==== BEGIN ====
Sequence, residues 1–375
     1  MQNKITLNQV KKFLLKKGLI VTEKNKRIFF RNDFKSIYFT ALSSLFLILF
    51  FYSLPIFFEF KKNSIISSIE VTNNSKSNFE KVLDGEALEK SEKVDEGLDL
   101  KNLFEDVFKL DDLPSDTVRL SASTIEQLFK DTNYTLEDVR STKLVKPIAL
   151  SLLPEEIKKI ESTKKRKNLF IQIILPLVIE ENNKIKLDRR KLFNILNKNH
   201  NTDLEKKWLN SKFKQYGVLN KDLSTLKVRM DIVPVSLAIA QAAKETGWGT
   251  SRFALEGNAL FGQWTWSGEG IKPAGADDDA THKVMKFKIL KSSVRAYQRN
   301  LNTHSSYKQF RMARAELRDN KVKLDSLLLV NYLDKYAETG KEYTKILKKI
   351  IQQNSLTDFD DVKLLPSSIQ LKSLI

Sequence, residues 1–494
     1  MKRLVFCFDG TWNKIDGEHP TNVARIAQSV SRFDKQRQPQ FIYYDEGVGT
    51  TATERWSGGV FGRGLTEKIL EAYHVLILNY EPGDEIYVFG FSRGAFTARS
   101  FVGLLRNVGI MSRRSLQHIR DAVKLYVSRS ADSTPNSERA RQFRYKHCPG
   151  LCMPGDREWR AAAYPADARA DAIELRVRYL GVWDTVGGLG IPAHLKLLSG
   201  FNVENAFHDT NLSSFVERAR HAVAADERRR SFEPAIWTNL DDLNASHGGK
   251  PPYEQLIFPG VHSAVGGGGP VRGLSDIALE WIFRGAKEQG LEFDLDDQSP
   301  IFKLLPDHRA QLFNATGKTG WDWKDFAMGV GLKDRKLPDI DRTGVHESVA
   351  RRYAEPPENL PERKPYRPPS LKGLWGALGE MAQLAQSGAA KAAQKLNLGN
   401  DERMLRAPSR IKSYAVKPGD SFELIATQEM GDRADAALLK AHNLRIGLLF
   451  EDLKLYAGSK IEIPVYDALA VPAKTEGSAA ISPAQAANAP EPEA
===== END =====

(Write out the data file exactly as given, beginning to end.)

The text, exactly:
Sequence, residues 1–375
     1  MQNKITLNQV KKFLLKKGLI VTEKNKRIFF RNDFKSIYFT ALSSLFLILF
    51  FYSLPIFFEF KKNSIISSIE VTNNSKSNFE KVLDGEALEK SEKVDEGLDL
   101  KNLFEDVFKL DDLPSDTVRL SASTIEQLFK DTNYTLEDVR STKLVKPIAL
   151  SLLPEEIKKI ESTKKRKNLF IQIILPLVIE ENNKIKLDRR KLFNILNKNH
   201  NTDLEKKWLN SKFKQYGVLN KDLSTLKVRM DIVPVSLAIA QAAKETGWGT
   251  SRFALEGNAL FGQWTWSGEG IKPAGADDDA THKVMKFKIL KSSVRAYQRN
   301  LNTHSSYKQF RMARAELRDN KVKLDSLLLV NYLDKYAETG KEYTKILKKI
   351  IQQNSLTDFD DVKLLPSSIQ LKSLI

Sequence, residues 1–494
     1  MKRLVFCFDG TWNKIDGEHP TNVARIAQSV SRFDKQRQPQ FIYYDEGVGT
    51  TATERWSGGV FGRGLTEKIL EAYHVLILNY EPGDEIYVFG FSRGAFTARS
   101  FVGLLRNVGI MSRRSLQHIR DAVKLYVSRS ADSTPNSERA RQFRYKHCPG
   151  LCMPGDREWR AAAYPADARA DAIELRVRYL GVWDTVGGLG IPAHLKLLSG
   201  FNVENAFHDT NLSSFVERAR HAVAADERRR SFEPAIWTNL DDLNASHGGK
   251  PPYEQLIFPG VHSAVGGGGP VRGLSDIALE WIFRGAKEQG LEFDLDDQSP
   301  IFKLLPDHRA QLFNATGKTG WDWKDFAMGV GLKDRKLPDI DRTGVHESVA
   351  RRYAEPPENL PERKPYRPPS LKGLWGALGE MAQLAQSGAA KAAQKLNLGN
   401  DERMLRAPSR IKSYAVKPGD SFELIATQEM GDRADAALLK AHNLRIGLLF
   451  EDLKLYAGSK IEIPVYDALA VPAKTEGSAA ISPAQAANAP EPEA